Fragrance in Travel Literature-India by Peter Loti

India (1913)
Loti, Pierre, 1850-1923; Inman, George Arthur F; Sherard, Robert Harborough, 1861-1943

We ascend a stairway cut in the rock out of whose
rugged sides periwinkles grow ; the dreary wastes
of the jungles extending around us. The sanctuary
is hollowed out of the heart of the principal stone, and
we first enter a little cavern, a sort of atrium contain-
ing a table covered with white gardenias on which the
offerings for the gods are placed. At the back is the
entry to the sacred place, an entry guarded by bronze
doors and a huge chased lock.
When the doors are thrown open with a grating
crash, the huge painted idols confront us, and it
seems as if some great cavern of precious perfumes
had been unsealed, for freshly sprinkled essences of
roses and sandal, masses of gardenias and tuberose
make a thick white carpet on the ground, and embalm
the air with intoxicating odours. Thus are the gods,
who live in an almost perpetual gloom, ever bathed
in the most exquisite scents.

The head of the
family, a white-haired old man, receives me there ;
he is surrounded by four young men, who, it seems,
are his sons. Their long eyes are underlined by
strokes of black paint ; as to clothes, they merely
wear a scrap of cloth round their waists, but this does
not prevent them from having an air of distinction,
nobility, and grace. The room, whitewashed and
beautifully clean, has a certain air of elegance, and is
perfumed by the scent of some unfamiliar incense
that has been burnt there.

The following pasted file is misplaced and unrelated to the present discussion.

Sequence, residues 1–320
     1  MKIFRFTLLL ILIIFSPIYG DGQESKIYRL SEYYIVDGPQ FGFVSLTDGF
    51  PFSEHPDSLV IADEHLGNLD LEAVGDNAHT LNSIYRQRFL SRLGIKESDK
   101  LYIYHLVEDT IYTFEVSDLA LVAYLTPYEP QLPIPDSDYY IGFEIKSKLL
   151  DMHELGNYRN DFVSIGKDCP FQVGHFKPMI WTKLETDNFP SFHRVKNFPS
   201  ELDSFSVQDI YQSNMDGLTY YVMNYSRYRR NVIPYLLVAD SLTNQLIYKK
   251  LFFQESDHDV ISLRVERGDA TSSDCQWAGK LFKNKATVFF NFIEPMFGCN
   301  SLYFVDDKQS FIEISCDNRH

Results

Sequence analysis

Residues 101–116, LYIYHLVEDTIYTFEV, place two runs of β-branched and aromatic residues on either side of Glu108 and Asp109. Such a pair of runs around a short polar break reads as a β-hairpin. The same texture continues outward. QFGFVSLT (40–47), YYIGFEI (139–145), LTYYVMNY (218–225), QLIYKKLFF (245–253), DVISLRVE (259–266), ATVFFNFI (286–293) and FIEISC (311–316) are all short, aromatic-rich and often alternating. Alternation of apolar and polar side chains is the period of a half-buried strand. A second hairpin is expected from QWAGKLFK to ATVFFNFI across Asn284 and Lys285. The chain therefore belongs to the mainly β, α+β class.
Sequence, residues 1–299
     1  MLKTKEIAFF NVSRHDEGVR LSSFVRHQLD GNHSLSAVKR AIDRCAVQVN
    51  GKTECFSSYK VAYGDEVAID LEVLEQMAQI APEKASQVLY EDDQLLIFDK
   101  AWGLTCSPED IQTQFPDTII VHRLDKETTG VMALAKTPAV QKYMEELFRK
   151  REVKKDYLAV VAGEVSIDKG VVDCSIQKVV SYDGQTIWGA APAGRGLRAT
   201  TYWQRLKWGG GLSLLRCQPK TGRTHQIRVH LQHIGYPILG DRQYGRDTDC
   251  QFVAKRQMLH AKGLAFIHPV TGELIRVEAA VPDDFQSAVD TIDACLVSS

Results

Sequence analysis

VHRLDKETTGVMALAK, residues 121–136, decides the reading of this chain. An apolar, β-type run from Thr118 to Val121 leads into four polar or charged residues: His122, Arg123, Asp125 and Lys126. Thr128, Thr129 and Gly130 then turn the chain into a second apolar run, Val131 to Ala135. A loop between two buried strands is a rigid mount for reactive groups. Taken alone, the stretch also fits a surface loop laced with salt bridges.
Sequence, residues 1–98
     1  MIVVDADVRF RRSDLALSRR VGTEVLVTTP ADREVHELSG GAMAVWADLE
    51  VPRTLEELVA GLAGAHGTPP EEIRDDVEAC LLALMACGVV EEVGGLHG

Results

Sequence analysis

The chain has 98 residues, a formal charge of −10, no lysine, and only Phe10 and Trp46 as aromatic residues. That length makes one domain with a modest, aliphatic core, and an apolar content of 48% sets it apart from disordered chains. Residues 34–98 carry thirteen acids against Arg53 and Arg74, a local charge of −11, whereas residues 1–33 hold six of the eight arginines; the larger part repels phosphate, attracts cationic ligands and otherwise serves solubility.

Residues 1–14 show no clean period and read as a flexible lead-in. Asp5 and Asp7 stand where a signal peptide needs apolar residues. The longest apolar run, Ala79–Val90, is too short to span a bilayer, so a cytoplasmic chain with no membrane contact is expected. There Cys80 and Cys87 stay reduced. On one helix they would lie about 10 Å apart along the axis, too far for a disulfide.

All this takes place in an atmosphere so saturated
with essences and the perfume of flowers as to be
almost unbreatheable. I am at a fete given by the
Indians who live here, the French Indians, and I am
in the house of the most wealthy of them. On my
arrival the host placed a many-rowed collar of jas-
mines of intoxicating odour round my neck, and
sprinkled me also with rose-water from a long-necked
silver flagon. The heat is suffocating. The guests
are mostly seated — a row of dusky heads whose tur-
bans are embroidered with gold thread.

Here is the
quarter of the perfumers, where the essences of all the
flowers are stored in ancient Chinese vases, brought
here long ago by caravans. There is also the sparkling
street where slippers are sold, all gilt and bespangled,
with the tips bent backwards like the prow of a
gondola. Intermingled everywhere, as if by chance,
are the stalls of the flower-sellers, where masses of
roses, broken from their stems, are piled up into tiny
mountains. There are piles of jasmine flowers, too,
that children thread as they would thread beads.

The air is filled with the scent of burning perfumes,
scented, too, by the red roses which are heaped up be-
fore the sellers of wreaths, scented by the white jasmine
flowers that overflow their baskets and fall like snow
into the dusty street.

In spite of everything the festival continued in the
streets till nightfall. People threw whole handfuls of
coloured and perfumed powder at each other, till faces
and clothes were almost covered, and sometimes there
were seen those who emerged from the fray with one
side of their faces bedabbled with violet, blue, or red.
All the white robes bore the imprint of hands that had
been dipped into dyes of brilliant colours — the impress
of five fingers stamped in rose, in yellow, or in green.

At different points on our route, heavily studded
bronze gates have been thrown open for us, but at last
we had to leave our horses and continue our ascent on
foot, through courtyards and gardens and winding
staircases. We pass through marble halls, whose
thickset pillars are decorated with tiny designs of
barbaric taste. The vaulted arches were once clothed